Coeur d'Alene lighting distributor taps LED niche
Catalyst foresees bright future for energy-saving products at business sitesMay 9th, 2013
Cory Turnbull, president and owner of Catalyst LEDs LLC, says the outlook for the Coeur d'Alene company is growing only brighter.
Catalyst specializes in designing and distributing commercial and industrial lighting systems that use light-emitting diodes, rather than conventional lighting sources.
LEDs basically are computer chips that produce light, Turnbull says. LEDs use far less energy and last several times longer than standard fluorescent lighting, he says.
Energy used for lighting comprises about 40 percent of the electric bill for a typical business, Turnbull says.
"We can easily cut that in half," he asserts.
Turnbull, who has four years of experience with LED systems, founded Catalyst in 2011. Since then, the home-based operation at 737 Military Drive, northwest of downtown Coeur d'Alene, has grown to become a national player in the commercial LED products and systems market, he says.
Catalyst sells a wide range of LED products, from small indoor display lighting to integrated street and parking lot lighting with programmable control systems.
In its second year of operation, the company more than tripled its sales over its debut year, and while he declines to disclose revenues, Turnbull anticipates the total dollar amount for third-year sales will be into the seven-figure range.
"Catalyst LEDs is getting a lot bigger," he says. "It was a struggle for a little bit, but now we're getting more recognition."
The company has no other direct employees, but has independent contractors here and around the country who handle marketing, sales, and LED system installations, Turnbull says.
Catalyst also works closely with independent contractors in Seattle, California, and New York on specific projects to do lighting audits and estimate utility and tax incentives for end users.
"Catalyst LEDs has groups or teams around the country that sell for us," he adds. "They use our catalog and we assist with technical support and marketing."
Catalyst orders directly from manufacturers and doesn't carry much inventory.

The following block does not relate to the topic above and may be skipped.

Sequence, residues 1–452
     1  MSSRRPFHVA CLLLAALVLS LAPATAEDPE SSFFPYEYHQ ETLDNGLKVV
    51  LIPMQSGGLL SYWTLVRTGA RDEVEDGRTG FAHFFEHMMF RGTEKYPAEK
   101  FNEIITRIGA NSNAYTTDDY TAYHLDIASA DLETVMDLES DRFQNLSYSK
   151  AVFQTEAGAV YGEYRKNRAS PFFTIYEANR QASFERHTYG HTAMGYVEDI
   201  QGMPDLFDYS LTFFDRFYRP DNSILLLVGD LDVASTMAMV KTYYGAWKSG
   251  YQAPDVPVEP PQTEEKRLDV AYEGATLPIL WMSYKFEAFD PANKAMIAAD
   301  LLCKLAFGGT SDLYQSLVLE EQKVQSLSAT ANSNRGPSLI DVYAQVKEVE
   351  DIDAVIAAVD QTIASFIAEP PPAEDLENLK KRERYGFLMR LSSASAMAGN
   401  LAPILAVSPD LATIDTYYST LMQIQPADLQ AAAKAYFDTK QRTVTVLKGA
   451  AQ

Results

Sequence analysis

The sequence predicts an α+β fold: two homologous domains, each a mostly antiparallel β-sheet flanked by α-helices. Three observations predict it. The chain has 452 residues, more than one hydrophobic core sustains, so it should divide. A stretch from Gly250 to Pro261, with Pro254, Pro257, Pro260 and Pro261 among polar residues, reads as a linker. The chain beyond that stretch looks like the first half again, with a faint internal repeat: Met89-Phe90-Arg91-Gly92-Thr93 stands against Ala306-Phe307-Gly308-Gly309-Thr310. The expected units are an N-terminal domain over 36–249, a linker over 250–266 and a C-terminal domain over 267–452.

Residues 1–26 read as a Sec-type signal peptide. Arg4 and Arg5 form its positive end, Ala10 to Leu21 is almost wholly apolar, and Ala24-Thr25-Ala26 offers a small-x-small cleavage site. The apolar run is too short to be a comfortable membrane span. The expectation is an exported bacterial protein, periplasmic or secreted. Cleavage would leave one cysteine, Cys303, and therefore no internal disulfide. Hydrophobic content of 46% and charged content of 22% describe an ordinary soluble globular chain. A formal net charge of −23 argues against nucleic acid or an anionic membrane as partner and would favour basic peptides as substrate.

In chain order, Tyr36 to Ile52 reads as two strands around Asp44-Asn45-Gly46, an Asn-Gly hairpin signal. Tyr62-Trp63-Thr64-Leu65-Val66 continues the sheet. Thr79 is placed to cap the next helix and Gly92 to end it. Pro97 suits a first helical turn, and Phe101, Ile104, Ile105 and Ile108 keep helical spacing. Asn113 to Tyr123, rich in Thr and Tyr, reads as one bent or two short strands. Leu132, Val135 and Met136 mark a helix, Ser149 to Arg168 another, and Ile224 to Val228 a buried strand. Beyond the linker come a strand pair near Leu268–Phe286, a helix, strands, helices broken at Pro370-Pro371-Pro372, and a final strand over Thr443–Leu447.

"We work with manufactures from around the world," he says. "We can offer multiple options to find the right products and price points for the customer."
Turnbull says Catalyst can have orders for customized systems filled and ready to install within four to six weeks.
While Catalyst has designed systems for industrial, retail, hospitality, and public sectors in the Inland Northwest, the majority of its sales are to energy-management companies, electrical supply houses, and electricians outside of the region, Turnbull says.
The company has drawn interest from huge potential customers, including General Motors Corp., he says. GM is testing a sample order of LED products designed to replace fluorescent light tubes in its manufacturing plants, and Turnbull says he expects the automaker to submit a second sample order this week.
"They're looking at retrofitting 72 plants around the world," Turnbull says. "It's a large opportunity."
Catalyst also is vying to supply LED components for lighting system upgrades at the Kaiser Aluminum Corp. plant here, a municipal water plant in California, school districts in New York, a hockey arena in Massachusetts, and city street lighting in Pennsylvania, he says.
The market isn't slowing down, he says, "It's skyrocketing."
While the company is seeing strong sales growth, Turnbull has no immediate plans to move Catalyst into dedicated commercial space.
"Maybe we'll do that down the road, but it's not something I'm working on today," he says.
One of Catalyst's showcase small-business projects is a new LED lighting system the company designed and installed at Lloyd's Tire & Automotive, at 3025 N. Government Way, in Coeur d'Alene.
The system supplies 40 percent more light using 70 percent less electricity than the fluorescent lighting system it replaced, Turnbull claims. In most of the shop, Catalyst replaced the old fixtures with LED fixtures that contain tubes that look like slender, 4-foot-long fluorescent bulbs. Each tube contains a row of 80 diodes that emits light that renders colors inside the shop much closer to colors seen under natural daylight than under conventional fluorescent light.
Avista Corp., the Spokane-based energy company, paid 40 percent of the total cost of the system, including labor, Turnbull says.
Lloyd's also financed the project with a low-interest loan offered through the state of Idaho's Office of Energy Resources.
Turnbull says the shop is saving $400 a month in energy costs for lighting, even though it now leaves some of the new LEDs switched on 24 hours a day for security reasons. Because LEDs emit less heat than conventional lighting systems, Lloyd's also realizes additional savings in its air-conditioning costs compared with the previous system, Turnbull says.
He estimates that the project, which includes all new fixtures, will pay for itself within three years.
"We rarely have a job with a return on investment of more than five years," he says. "As long as the ROI is within the warranty period, you're sitting pretty good."
The typical warranty period for LED components is five years, although a few warranties are up to 10 years, he says.
In addition to utility rebates, a current federal tax incentive allows for an income tax deduction of up to 60 cents a square foot for building owners with qualified lighting improvements installed through the end of the year, Turnbull says.